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When Is It Possible to Keep the FAMILY RESIDENCE From Being Sold?

Q. My wife cares for our children, but now she insists on keeping the residence that I moved out of 3 months ago. Is it true that it will be ordered sold or that she has to buy me out in our divorce?


Not necessarily. If she has an experienced attorney, she may seek a "deferred sale of home" order. These are formerly known as "Duke" orders and once (when I was a puppy attorney) were quite common - today they are rare. However, upon a proper showing a trial judge may issue them.

A "deferred sale of home order" means an order that temporarily delays the sale and awards the temporary exclusive use and possession of the family home to the custodial parent of a minor child or child for whom support is authorized under FC sections 3900 and 3901 or under FC §3910. It is authorized whether or not the custodial parent has sole or joint custody. Such an order is made to minimize the adverse impact of dissolution of marriage or legal separation on the welfare of the child. [FC §3800(b)].

If one of the parties requests a deferred sale of home order, the judge must first determine whether it is economically feasible to maintain [FC §3801(a)]:

  • The payments of any note secured by a deed of trust, property taxes, and insurance for the home during the period the sale of the home is deferred; and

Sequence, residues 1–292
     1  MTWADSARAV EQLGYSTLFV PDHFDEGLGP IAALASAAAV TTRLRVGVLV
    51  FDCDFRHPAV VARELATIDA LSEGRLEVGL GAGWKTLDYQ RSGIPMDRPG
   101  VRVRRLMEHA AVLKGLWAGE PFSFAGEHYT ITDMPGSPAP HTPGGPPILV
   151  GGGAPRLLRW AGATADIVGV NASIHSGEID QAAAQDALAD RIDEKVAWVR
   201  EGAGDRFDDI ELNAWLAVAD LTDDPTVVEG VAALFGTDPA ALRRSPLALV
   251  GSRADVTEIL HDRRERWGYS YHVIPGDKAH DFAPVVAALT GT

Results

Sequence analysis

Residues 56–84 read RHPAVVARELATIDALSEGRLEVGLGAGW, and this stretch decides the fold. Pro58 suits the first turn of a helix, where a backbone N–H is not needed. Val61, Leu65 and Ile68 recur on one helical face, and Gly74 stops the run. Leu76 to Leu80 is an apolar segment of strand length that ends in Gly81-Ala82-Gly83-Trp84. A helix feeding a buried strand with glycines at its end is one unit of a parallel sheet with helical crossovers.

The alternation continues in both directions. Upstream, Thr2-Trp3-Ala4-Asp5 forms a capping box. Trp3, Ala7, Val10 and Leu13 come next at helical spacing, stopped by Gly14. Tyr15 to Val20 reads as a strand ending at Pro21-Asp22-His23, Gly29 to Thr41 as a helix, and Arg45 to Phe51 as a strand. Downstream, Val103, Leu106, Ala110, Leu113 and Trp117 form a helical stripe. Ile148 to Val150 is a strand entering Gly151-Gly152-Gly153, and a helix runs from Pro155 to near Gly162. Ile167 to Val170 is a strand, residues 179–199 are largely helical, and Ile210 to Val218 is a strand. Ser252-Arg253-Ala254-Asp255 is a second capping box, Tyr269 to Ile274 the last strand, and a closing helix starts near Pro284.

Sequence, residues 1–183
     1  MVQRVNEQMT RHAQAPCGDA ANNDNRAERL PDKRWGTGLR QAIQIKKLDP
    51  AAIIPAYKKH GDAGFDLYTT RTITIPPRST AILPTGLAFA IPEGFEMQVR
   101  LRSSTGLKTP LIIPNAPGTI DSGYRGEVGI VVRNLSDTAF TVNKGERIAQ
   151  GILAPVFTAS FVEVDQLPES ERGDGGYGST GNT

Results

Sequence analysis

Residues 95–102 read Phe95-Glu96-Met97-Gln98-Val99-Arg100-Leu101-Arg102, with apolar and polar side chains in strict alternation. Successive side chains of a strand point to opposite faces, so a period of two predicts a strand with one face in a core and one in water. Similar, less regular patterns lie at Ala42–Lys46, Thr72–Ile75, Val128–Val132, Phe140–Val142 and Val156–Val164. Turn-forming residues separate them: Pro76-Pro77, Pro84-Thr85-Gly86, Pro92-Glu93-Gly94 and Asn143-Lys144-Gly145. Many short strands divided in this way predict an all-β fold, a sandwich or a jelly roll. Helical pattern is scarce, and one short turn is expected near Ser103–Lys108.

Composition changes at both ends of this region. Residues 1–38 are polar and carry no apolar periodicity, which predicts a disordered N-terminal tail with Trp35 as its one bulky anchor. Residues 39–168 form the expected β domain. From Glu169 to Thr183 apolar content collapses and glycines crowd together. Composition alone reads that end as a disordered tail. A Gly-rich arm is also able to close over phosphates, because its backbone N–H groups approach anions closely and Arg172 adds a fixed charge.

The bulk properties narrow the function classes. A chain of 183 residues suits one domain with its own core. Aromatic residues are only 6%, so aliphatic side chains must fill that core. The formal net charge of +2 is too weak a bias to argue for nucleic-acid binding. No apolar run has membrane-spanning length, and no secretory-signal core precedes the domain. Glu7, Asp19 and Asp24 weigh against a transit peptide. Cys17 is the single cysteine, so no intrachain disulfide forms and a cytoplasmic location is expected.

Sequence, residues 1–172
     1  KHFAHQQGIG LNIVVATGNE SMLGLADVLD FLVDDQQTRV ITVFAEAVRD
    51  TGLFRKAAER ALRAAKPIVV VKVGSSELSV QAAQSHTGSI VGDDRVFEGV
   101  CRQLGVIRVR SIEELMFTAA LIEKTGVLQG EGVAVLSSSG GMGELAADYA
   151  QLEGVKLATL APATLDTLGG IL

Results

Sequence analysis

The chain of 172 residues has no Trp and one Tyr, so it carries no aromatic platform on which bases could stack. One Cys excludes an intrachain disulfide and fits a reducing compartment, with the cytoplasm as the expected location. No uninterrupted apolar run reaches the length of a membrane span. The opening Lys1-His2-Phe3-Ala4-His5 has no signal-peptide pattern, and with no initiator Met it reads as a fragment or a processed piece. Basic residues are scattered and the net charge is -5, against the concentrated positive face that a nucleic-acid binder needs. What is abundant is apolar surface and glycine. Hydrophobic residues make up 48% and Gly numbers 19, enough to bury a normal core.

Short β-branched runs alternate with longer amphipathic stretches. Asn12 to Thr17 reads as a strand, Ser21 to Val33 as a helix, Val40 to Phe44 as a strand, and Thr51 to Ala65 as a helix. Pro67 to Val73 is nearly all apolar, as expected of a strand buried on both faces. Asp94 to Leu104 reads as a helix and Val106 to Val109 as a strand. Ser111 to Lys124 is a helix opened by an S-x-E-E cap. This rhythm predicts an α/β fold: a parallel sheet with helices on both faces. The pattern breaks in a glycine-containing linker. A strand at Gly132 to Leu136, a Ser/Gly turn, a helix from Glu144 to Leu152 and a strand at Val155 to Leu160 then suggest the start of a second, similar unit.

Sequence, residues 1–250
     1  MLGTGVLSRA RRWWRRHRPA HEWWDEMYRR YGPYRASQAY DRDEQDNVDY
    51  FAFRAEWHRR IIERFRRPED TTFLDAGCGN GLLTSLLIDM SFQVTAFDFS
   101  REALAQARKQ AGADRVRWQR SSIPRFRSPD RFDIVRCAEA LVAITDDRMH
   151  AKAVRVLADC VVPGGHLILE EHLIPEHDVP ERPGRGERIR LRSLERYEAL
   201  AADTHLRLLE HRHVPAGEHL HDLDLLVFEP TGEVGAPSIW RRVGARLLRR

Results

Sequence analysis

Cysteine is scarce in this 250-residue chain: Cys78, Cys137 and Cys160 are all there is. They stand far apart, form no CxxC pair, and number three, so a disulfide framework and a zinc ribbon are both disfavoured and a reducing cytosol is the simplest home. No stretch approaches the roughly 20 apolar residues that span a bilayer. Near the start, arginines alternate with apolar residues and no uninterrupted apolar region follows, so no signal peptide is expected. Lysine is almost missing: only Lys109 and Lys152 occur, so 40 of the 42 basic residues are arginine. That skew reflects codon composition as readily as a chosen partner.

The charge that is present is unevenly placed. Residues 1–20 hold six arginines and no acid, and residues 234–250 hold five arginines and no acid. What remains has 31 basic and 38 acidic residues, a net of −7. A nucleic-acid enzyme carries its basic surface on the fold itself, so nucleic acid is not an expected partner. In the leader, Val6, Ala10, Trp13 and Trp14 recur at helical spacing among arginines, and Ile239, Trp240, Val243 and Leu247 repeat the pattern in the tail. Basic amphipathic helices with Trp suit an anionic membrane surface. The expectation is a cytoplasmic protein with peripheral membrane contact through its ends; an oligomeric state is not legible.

• The condition of the home comparable to that at the time of trial.

In making this determination, the court must consider all of the following [FC §3801(b)]:

  • The resident parent's income;
  • The availability of spousal support, child support, or both spousal and child support; and
  • Any other sources of funds available to make those payments.

The legislative intent behind these determinations include [FC §3801(c)]:

  • Avoiding the likelihood of possible defaults on the payments of notes and resulting foreclosures,
  • Avoiding inadequate insurance coverage,
  • Preventing deterioration of the condition of the family home, and
  • Preventing any other circumstance that would jeopardize both parents' equity in the home.

A judge asked to consider the issue will consider the following in determining whether a deferred sale is necessary to minimize the adverse impact of dissolution or legal separation on the child. [FC §3802(a)]. Factors considered in exercising discretion include all of the following [FC §3802(b)]:

  • The length of time the child has resided in the home;
  • The child's placement or grade in school;
  • The accessibility and convenience of the home to the child's school and other services or facilities used by and available to the child, including child care;
  • Whether the home has been adapted or modified to accommodate any physical disabilities of a child or a resident parent in a manner that a change in residence may adversely affect the ability of the resident parent to meet the needs of the child;
  • The emotional detriment to the child associated with a change in residence;
  • The extent to which the location of the home permits the resident parent to continue employment;
  • The financial ability of each parent to obtain suitable housing;
  • The tax consequences to the parents;
  • The economic detriment to the nonresident parent of a deferred sale of home order; and
  • Any other factors the court deems just and equitable.
T.W. Arnold

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